Random Acts of Kindness Day 2023: The health benefits of a simple act

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This year’s Random Acts of Kindness Day falls on Friday, but you might want to consider being kind every day.

The foundation behind the day wants you to be a “RAKtivist” or a “Random Acts of Kindness activist”.

Here’s why: Spreading kindness doesn’t just help others feel better about themselves — it can also boost the giver’s health and happiness, according to research. It’s a win-win for everyone. Here’s why.

Putting the well-being of others before our own without expecting anything in return – or what is called being altruistic – stimulates the reward centers in the brain, studies show.

These feel-good chemicals flood our system, producing a sort of “helper’s high”. Volunteering, for example, has been shown to reduce stress and improve depression.

That’s not all: the same activity can also reduce the risk of cognitive decline and even help us live longer.

One reason for this, experts say, is because kindness contributes to our sense of community and belonging. And that, studies have found, is an important contributor to a healthy, longer life.

Making donations to others, or “prosocial spending,” has been shown to lower blood pressure and improve heart health.

One study asked a group of hypertensive people to spend $40 on themselves, while another group with high blood pressure was asked to spend the money on others.

Researchers found that those who spent money on others had lower blood pressure at the end of the six-week study. In fact, the benefits were as great as those from healthy diet and exercise.

Giving seems to lessen our pain. A 2019 study found that people who said they would donate money to help orphans were less sensitive to electric shocks than those who refused to give. Additionally, the more helpful people thought their donation would be, the less pain they felt.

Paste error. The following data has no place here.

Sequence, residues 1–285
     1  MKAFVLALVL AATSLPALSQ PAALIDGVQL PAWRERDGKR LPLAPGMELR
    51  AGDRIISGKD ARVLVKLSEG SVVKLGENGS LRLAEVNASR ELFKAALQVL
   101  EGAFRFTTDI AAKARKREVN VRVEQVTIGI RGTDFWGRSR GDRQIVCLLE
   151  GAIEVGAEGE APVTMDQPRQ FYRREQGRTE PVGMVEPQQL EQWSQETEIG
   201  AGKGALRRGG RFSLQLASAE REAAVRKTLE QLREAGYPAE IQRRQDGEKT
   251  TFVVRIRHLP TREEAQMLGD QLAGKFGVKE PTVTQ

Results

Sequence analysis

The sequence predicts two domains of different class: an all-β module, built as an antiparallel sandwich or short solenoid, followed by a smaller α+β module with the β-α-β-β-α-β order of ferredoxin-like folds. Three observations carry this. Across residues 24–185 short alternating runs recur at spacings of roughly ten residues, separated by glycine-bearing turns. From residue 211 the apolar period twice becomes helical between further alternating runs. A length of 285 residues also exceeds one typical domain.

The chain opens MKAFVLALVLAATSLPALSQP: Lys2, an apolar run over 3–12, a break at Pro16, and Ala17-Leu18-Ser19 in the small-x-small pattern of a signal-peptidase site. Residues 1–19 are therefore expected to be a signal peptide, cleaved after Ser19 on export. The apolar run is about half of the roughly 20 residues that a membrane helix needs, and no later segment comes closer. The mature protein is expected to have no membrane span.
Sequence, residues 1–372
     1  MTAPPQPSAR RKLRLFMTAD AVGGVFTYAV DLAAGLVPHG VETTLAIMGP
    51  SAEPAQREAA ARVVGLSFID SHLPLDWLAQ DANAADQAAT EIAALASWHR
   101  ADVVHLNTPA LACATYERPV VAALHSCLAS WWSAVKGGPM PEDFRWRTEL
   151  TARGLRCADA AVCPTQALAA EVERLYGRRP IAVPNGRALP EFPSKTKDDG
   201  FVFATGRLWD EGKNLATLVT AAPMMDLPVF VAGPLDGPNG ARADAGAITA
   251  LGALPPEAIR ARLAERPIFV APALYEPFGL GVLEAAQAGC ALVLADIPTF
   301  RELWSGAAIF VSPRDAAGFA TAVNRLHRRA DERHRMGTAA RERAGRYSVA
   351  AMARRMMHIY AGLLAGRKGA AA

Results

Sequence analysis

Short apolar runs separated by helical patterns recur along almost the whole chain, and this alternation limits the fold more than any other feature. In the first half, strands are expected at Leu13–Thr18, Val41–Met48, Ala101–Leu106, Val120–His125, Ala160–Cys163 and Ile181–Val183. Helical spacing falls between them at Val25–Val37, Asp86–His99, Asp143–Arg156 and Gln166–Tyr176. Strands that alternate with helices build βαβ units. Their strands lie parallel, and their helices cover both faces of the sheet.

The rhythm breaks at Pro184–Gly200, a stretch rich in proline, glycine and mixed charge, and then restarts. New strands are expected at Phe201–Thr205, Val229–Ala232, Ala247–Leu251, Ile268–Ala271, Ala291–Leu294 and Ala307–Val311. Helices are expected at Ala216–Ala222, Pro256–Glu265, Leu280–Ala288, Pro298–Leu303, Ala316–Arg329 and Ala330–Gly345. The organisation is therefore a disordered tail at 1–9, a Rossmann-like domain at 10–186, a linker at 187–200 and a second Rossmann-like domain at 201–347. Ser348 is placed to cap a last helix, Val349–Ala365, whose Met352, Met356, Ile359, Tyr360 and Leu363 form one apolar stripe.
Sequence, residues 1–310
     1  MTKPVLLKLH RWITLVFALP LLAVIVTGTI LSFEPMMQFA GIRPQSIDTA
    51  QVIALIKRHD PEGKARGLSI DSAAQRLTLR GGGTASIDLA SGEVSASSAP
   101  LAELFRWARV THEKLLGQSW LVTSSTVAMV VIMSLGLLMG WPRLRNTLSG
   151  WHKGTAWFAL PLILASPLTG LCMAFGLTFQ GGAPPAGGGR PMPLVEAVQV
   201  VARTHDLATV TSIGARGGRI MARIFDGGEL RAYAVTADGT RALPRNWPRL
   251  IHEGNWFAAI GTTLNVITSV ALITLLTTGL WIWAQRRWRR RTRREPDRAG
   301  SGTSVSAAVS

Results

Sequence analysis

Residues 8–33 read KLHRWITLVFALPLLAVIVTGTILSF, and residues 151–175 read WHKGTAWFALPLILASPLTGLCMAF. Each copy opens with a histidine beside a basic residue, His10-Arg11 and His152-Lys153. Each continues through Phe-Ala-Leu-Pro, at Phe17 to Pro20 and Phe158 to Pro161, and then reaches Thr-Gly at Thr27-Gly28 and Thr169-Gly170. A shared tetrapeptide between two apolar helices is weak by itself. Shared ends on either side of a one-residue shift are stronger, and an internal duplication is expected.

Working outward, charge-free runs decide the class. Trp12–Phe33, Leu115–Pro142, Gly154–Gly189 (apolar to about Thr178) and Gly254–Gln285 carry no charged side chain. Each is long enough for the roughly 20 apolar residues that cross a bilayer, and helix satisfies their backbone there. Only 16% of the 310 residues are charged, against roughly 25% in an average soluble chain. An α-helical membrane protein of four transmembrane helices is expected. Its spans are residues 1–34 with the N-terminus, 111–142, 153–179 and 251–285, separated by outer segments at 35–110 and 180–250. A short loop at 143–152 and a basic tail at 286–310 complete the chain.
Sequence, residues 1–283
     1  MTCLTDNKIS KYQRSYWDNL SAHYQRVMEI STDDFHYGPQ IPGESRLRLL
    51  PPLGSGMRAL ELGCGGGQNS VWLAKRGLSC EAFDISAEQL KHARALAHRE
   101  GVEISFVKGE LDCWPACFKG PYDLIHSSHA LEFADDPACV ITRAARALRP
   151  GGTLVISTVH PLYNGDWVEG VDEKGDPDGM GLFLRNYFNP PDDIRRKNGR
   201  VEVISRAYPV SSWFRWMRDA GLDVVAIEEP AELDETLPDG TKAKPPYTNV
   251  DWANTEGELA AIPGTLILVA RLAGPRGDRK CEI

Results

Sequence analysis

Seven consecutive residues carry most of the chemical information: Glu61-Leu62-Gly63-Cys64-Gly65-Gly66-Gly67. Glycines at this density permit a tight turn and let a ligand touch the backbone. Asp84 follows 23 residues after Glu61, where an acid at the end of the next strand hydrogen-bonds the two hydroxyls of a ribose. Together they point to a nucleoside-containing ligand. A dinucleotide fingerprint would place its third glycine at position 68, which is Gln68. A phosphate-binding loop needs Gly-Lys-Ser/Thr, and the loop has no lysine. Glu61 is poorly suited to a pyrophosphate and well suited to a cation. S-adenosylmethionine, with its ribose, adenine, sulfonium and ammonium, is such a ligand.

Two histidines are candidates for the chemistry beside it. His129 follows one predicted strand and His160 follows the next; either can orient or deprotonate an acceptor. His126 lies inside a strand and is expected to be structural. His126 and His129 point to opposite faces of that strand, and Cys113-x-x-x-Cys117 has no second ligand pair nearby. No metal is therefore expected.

How could this happen? The study found that areas of the brain that respond to painful stimulation appear to be immediately deactivated by the experience of giving.

In Britain, researchers found that being kind could increase happiness in as little as three days. The study divided people into three groups: The first group had to do an act of kindness every day; the second tried a new activity, and the third did nothing. Those who were kind and did new things saw a significant boost in happiness.

You will experience even greater joy if you are creative with your acts of kindness. Happiness researchers Sonja Lyubomirsky and Kennon Sheldon found that people who did a series of good actions throughout the week showed greater increases in happiness than those who performed the same activity over and over again.

And here’s the good news: It seems that kindness can be anonymous or visible, spontaneous or planned, and can be as simple as paying a compliment or opening a door for someone.

OK, you’re convinced and want to jump right into being a kinder and more helpful person. There are literally hundreds of ideas on the internet, but here are a few to get you started:

  • While driving, give way to the car that wants to enter your lane.
  • Give a genuine compliment to a family member, friend or colleague (via text, email or video chat, please).
  • Do the same for your boss, who probably never gets compliments!
  • Let go of grudges and tell people you forgive them (unless telling them makes it worse).
  • Be there for a friend who is having a tough time. Don’t try to fix it; just listen.
  • Leave a thank you note for your postal service provider.
  • Tip your delivery person.

Want more ideas? The Random Acts of Kindness Foundation also has lists of kindness ideas, organized by work, community, environment, animals, strangers, children, older people, and more. If you become a “RAKtivist”, you will receive a monthly kindness challenge designed to help a worthy cause or individual.

You make the world a better place, says the foundation. But don’t forget – every kindness you give to others is also a gift to yourself.

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